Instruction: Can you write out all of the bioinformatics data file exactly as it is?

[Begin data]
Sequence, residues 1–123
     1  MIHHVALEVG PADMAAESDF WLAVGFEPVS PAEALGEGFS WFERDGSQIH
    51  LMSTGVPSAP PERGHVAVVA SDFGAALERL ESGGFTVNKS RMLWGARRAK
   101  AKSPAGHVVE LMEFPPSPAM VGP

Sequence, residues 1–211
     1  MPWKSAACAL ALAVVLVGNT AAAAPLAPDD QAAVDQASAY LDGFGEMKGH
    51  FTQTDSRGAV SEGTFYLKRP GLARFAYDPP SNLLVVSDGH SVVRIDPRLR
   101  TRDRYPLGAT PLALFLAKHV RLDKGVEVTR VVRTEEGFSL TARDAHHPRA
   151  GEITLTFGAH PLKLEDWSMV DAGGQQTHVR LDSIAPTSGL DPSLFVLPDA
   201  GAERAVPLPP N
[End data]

Sequence, residues 1–123
     1  MIHHVALEVG PADMAAESDF WLAVGFEPVS PAEALGEGFS WFERDGSQIH
    51  LMSTGVPSAP PERGHVAVVA SDFGAALERL ESGGFTVNKS RMLWGARRAK
   101  AKSPAGHVVE LMEFPPSPAM VGP

Sequence, residues 1–211
     1  MPWKSAACAL ALAVVLVGNT AAAAPLAPDD QAAVDQASAY LDGFGEMKGH
    51  FTQTDSRGAV SEGTFYLKRP GLARFAYDPP SNLLVVSDGH SVVRIDPRLR
   101  TRDRYPLGAT PLALFLAKHV RLDKGVEVTR VVRTEEGFSL TARDAHHPRA
   151  GEITLTFGAH PLKLEDWSMV DAGGQQTHVR LDSIAPTSGL DPSLFVLPDA
   201  GAERAVPLPP N